Big Data and Cybersecurity

In 2015, over 77% of office-based physicians reported using a certified EHR to manage clinical care.[i] From the smartphones in physicians’ pockets, to the vast EHR registries converging upon interoperability and the IoT medical devices in patients’ bodies, there are more ways to generate, access, and use data than ever before.[ii]

Proponents of this data-ization of health argue that the eventual benefit of generating large repositories of easily accessible data will soon make modes of big data analysis possible, allowing machine learning algorithms to optimize patient care beyond what can be humanly conceived. To arrive at such a point, a variety of steps will have to be taken to standardize data reporting, ensuring quality control. However, the recent malware attacks on several health provider organizations make it clear that important issues remain unaddressed, including those of security. For providers, patients, and other stakeholders, the reassurance of a threat-free engagement of big data is essential to its integrated utilization.

Threats on the landscape

Ironically, the very nature of data use in a pluralistic health care sector makes the industry particularly vulnerable to cyber threats. Health care data is only useful when the interoperability of that data is high, but the numerous endpoints, including contractors, third parties, and independents, to which interoperable data can be distributed increases entry points for cyber threats.[iii] Furthermore, there exists a natural trade-off between accessibility and usability of the data, particularly in the kinds of high-pressure decision-making environments typical of health care settings.

The most high-profile cyberattacks in the healthcare industry are ransomware attacks, in which an attacker compromises critical access or system operability until money is paid to the attacker. Other forms of malware can expose or steal patient information for financial gains, though these may be less conspicuous. Apart from damage assumed by individual patients in the wake of a cyberattack, organizations can pay a hefty price in the form of expensive delays in operations and a blow to institutional reputation.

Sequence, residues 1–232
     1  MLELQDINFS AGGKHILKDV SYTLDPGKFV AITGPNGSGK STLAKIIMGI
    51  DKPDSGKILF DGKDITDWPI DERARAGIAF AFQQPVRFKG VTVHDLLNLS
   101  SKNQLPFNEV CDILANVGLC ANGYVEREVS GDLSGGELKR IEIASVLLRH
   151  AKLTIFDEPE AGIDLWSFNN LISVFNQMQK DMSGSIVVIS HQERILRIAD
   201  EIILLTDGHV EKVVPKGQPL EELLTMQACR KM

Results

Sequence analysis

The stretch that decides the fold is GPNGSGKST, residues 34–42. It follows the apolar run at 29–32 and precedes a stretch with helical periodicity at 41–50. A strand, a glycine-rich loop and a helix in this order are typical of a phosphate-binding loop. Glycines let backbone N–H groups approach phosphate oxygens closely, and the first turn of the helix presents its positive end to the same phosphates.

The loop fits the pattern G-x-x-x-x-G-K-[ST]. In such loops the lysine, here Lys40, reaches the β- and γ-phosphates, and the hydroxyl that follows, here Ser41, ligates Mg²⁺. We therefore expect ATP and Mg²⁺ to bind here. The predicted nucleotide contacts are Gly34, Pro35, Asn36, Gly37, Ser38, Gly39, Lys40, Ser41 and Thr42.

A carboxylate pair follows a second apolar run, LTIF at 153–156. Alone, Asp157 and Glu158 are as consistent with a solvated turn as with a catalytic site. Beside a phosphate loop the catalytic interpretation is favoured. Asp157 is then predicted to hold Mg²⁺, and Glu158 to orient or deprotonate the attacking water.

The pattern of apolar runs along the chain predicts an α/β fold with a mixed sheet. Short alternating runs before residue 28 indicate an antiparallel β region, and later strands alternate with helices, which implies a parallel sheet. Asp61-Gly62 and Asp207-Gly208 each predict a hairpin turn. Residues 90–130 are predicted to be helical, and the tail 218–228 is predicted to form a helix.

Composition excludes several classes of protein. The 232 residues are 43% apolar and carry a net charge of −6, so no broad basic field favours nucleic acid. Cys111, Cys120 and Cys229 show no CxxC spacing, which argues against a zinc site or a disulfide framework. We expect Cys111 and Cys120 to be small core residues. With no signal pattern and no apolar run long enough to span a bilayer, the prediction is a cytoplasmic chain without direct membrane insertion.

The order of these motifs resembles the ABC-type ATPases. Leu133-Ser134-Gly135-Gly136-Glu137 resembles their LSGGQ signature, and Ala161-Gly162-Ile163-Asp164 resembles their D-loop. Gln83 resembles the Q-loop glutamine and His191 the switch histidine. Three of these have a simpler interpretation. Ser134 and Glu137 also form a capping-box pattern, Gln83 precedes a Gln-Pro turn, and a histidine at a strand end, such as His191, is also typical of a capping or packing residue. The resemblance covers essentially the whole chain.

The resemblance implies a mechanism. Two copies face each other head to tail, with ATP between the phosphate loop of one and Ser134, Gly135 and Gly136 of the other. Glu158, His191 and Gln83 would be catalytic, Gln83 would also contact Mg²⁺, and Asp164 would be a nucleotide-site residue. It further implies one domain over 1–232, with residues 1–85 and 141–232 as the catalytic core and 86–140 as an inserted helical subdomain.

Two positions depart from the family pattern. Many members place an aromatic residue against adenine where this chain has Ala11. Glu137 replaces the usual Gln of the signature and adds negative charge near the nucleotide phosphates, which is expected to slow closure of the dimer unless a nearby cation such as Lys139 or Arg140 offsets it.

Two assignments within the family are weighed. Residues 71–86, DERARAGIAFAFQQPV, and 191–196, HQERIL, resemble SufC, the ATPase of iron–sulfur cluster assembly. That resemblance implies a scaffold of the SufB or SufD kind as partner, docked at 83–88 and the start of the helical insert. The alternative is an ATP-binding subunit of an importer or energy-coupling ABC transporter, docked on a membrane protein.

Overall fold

The next steps:

There are two major aspects to data security: that of securing devices with access to the data and that of securing the data repository itself. As malware evolves to be increasingly sophisticated, organizations must allocate increasing shares of their budget to cybersecurity. Given a systemic shortage of IT personnel, many organizations may find it easier to outsource cybersecurity needs to third party securitization providers. Certain steps can also be undertaken to safeguard operations against future attacks, including: improving user security (e.g. multi-factor verification and BYOD-oriented security); virtualization of data; and coming up with contingency data syncs to ensure that facilities remain operational despite attacks. Incorporation of machine learning or behavioural analysis to identify changes in user or system functionality may provide early warnings to cyber threats as well.[iv] These changes will require a degree of administrative centralization that is able to coordinate the cybersecurity needs of care providers and healthcare organizations, including anesthesia management companies.

[i]http://healthaffairs.org/blog/2017/01/17/building-the-value-based-health-care-system-of-the-future-depends-on-meeting-clinicians-data-needs/

[ii] http://healthitsecurity.com/news/prioritizing-byod-security-mdm-in-evolving-healthcare-sector

[iii] http://healthitsecurity.com/features/how-evolving-healthcare-cybersecurity-threats-affect-providers

[iv] http://healthitsecurity.com/news/preparing-for-the-2017-healthcare-cybersecurity-threats

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